A tradition has emerged, where the traveler returns with some kind of interesting candy, and leaves it out for all to enjoy. Recently, a guy returned from Finland with vodka-filled chocolates. I’m not talking about vodka-scented cream filling. I’m talking about a shot of real vodka, which is quite a breathtaking shock when you bite into one.
Yesterday, one of the Business Analysts returned from Thailand with three bags of little packets of taffy. They’re exotic Asian tropical fruit flavors: Lychee, Mangosteen (not related to the mango), and Durian. The Lychee and Mangosteen are tasty, not unlike typical fruit-flavored taffy found in the USA. The Durian candy is another story altogether.
I realize they probably don’t grow strawberries and raspberries in Thailand. They make do with what nature provides and the climate can support. Strawberries and raspberries may taste weird and exotic to them. But I don't care where you're from, the Durian just screams at you to leave it alone.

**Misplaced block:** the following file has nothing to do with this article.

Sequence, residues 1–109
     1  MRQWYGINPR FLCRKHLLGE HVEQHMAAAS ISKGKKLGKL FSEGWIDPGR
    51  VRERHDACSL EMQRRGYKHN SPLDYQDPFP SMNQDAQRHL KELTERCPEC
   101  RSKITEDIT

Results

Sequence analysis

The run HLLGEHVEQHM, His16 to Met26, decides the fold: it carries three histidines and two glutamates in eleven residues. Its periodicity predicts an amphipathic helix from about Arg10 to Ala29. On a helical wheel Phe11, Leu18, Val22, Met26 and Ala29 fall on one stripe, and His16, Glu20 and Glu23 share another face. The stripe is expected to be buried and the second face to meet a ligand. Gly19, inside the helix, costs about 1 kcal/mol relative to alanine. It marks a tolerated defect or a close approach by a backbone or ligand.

The husk is covered with spiny thorns, capable of drawing blood. Inside is a pus-like substance (some would call it custard-like, but not me) that is technically edible. People eat it raw, or they make products such as candy from it.
I tried the Durian-flavored candy, and it didn’t last half a second in my mouth. I gagged and spat for 2 minutes until the pungent taste faded. Some people say it tastes like smelly feet. I say it tastes like a dead mouse, one that has defecated all over itself.
The rest of the office spent the day waiting for victims to wander by and notice the candy. They would try one of each, and we would snort with laughter when they got to the Durian candy, made retching noises and raced for a trash can.
I’m told it’s an acquired taste, but I imagine you’d have to be close to starvation to acquire it. Of course, I’m going to buy a big bag of it as soon as I can find a source. Halloween will be here before you know it.